Another article blaming contractors for DoD’s counterfeit parts problem

Here is yet another article blaming contractors for DoD’s counterfeit parts problem …

“Counterfeit Electronics and the China Connection”
by Michael Pecht and Len Zuga, CALCE Electronic Products and Systems Center
SMT Magazine, April 2012

This is the second article I’ve seen over the past five months co-authored by Dr. Pecht of UMD that includes the basic theme blaming contractors “who placed expediency and profit above all else.” (here is the first)

I am concerned that this article presents this theme in a sweeping fashion and as universal truth. Are there contractors who fit this description? Perhaps. From my experience, it is not accurate to paint the contractor community at large with such a broad brush.

Speaking for the business unit I work for- this is not the case. In fact, the due diligence we apply to detect counterfeits among those offered on the open market is not an expedient path, nor is it “profit-friendly” (not for us as the buyer anyway). Based on my engagement with colleagues and subject matter experts working for other A&D contractors, I find that those who have established robust counterfeit avoidance practices report the same.

My writings on the subject of counterfeit parts avoidance include discussions about what tends to drive A&D contractors to source products from the open market, e.g. unresolved obsolescence issues, sudden disruptions in authorized supply, etc.

For your consideration,

Henry Livingston

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3 thoughts on “Another article blaming contractors for DoD’s counterfeit parts problem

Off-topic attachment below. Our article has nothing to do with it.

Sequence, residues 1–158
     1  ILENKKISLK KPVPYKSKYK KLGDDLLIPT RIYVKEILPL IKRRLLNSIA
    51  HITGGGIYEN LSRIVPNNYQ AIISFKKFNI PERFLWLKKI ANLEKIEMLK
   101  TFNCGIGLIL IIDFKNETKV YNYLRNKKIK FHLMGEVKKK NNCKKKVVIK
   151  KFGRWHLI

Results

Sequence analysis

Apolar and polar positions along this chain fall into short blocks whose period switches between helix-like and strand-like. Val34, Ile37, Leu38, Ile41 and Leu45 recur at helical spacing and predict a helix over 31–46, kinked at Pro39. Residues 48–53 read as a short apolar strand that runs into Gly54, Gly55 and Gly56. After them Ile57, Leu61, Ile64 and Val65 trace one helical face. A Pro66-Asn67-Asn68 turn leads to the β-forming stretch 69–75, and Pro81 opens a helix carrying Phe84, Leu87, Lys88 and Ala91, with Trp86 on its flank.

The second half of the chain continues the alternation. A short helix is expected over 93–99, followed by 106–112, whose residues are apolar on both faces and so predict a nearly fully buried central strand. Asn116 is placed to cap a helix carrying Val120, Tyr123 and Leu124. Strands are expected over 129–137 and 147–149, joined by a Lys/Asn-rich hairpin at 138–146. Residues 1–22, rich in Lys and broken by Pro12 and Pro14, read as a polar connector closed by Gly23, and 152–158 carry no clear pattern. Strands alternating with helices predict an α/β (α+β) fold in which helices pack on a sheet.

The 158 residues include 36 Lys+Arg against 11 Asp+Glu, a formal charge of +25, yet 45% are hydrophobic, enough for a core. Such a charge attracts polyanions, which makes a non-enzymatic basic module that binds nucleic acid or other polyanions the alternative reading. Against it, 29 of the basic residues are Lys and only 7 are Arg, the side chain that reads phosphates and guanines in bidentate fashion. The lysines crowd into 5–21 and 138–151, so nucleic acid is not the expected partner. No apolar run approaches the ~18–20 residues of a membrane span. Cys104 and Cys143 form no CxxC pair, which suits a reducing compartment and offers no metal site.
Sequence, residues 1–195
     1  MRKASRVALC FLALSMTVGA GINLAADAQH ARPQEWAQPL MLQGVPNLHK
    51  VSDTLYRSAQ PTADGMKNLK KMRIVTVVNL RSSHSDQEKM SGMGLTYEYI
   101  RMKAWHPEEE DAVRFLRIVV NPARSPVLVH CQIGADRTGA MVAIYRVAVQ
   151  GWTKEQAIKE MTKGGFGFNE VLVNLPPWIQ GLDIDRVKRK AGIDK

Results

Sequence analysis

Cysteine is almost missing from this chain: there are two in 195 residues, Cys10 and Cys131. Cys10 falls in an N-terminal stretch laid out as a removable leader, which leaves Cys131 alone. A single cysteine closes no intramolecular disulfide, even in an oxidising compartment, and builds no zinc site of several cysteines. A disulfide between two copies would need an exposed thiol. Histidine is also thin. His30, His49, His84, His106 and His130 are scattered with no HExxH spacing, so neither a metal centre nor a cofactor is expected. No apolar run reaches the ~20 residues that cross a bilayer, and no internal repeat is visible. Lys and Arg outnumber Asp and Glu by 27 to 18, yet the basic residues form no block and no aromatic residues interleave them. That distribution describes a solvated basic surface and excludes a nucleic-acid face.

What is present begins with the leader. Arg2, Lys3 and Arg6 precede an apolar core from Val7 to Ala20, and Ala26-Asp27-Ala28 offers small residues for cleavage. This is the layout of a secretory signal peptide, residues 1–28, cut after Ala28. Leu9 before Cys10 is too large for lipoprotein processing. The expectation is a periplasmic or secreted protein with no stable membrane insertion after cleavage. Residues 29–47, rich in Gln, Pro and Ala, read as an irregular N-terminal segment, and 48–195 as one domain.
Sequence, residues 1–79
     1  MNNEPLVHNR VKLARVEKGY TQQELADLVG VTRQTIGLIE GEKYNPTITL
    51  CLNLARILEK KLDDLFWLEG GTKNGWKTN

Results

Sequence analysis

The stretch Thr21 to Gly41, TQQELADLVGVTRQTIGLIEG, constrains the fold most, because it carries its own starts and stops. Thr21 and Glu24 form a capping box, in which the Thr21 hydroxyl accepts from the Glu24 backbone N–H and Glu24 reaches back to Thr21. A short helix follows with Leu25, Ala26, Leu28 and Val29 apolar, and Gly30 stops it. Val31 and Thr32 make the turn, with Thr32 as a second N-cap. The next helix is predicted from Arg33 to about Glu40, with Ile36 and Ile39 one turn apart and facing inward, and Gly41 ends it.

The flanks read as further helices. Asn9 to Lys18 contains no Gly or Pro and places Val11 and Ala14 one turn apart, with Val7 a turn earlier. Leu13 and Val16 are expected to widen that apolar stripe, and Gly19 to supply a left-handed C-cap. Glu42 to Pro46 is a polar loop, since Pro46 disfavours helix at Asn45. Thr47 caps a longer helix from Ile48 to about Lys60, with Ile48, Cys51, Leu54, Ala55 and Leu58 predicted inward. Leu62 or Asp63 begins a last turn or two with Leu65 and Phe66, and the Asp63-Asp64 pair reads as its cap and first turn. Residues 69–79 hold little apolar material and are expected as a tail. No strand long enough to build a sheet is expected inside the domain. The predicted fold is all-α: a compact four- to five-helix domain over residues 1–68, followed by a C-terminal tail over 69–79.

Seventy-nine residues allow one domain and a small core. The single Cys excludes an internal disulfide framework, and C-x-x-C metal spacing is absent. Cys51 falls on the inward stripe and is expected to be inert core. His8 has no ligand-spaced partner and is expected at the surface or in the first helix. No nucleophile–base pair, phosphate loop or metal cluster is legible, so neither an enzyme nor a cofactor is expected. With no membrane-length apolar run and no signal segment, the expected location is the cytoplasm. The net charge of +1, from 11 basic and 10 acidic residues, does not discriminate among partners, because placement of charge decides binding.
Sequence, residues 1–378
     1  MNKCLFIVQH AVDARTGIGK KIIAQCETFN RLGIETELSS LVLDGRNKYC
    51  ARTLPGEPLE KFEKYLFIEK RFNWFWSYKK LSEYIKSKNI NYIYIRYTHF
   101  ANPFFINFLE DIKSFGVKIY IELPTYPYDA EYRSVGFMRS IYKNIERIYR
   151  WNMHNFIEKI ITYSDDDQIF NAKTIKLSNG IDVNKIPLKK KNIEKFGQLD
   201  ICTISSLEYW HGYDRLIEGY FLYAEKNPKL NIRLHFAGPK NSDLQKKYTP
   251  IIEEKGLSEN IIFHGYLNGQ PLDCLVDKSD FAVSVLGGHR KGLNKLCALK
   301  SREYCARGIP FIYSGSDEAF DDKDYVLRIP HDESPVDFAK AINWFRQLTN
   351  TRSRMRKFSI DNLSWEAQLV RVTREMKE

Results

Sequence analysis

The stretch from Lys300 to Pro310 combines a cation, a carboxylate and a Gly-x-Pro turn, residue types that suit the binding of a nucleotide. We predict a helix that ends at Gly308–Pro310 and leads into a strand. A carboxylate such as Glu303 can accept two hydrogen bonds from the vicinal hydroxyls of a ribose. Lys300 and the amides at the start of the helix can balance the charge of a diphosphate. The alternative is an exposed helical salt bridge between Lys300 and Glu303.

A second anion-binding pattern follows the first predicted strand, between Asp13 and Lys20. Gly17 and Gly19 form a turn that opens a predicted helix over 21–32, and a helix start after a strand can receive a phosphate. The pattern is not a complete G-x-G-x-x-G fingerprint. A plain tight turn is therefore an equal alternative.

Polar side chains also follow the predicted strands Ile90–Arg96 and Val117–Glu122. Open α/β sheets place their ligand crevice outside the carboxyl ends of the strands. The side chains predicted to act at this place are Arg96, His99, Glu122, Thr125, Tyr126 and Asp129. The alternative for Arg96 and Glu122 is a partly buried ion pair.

1. Typically those (Pecht) who speak in absolutes usually an indicate a modicum of immaturity. Not their intent, I am sure, but that is what can be surmised and this can undermine the credibility of other valid statements made.

  2. Anonymous says:

    The DoD cannot hope to implement a consumer electronics-style supply chain as prescribed in the conclusion of the CALCE article. The counterfeit electronics problem was caused by the consumer electronics supply chain, where high volume production is driven by rapid obsolescence and poor, reactionary, just-get-rid-of-it disposal (shipment to poorer countries for “recycling”). DoD simply does not have the volumes to command entire production factories as does an Apple or Dell. Apple will likely never suffer a counterfeit part in one of their products unless it’s installed during a repair at a third party.

    DoD’s relatively paltry (yet high-value) part purchases are prime targets of the counterfeiters. We must be super cautious when we have to source the parts from other than authorized suppliers, which I see the military supply community adjusting to, albeit slower than we would like. Blame them for not adjusting faster, but not as cause for the counterfeit problem. (Read Henry’s whitepapers!)

    I will go on record here for predicting we are in for another wave of electronics counterfeiting, this time from Africa. Right now, Ghana, Nigeria, and other countries are processing e-waste from Europe (and some from N. America) to recover metals. They have not learned to harvest and reprocess the parts off the boards (yet). Chinese companies are operating all over Africa. It is only a matter of time before the knowledge is transferred.

  3. Steve Ingardia says:

    I think saying that Defense Contractors are the root cause of counterfeiting is a bit over the top. However, Defense Contractors that procured from other than authorized sources after 2007/2008 when the counterfeit problem for electronic devices became readily apparent are the root cause of their own problem and any consequences from using those parts if they did not hire someone to perform detailed counterfeit inspection on the devices.
    I think there is also some truth to the defense contractors putting unbelieveable schedule pressure on sub tier suppliers who may have resorted to the broker market for parts. Prior to 2007/2008, I would be understanding of that, but not after! The 2008 [BusinessWeek] article on BAE’s issues should have been a major wake up call to everyone. It was for me!

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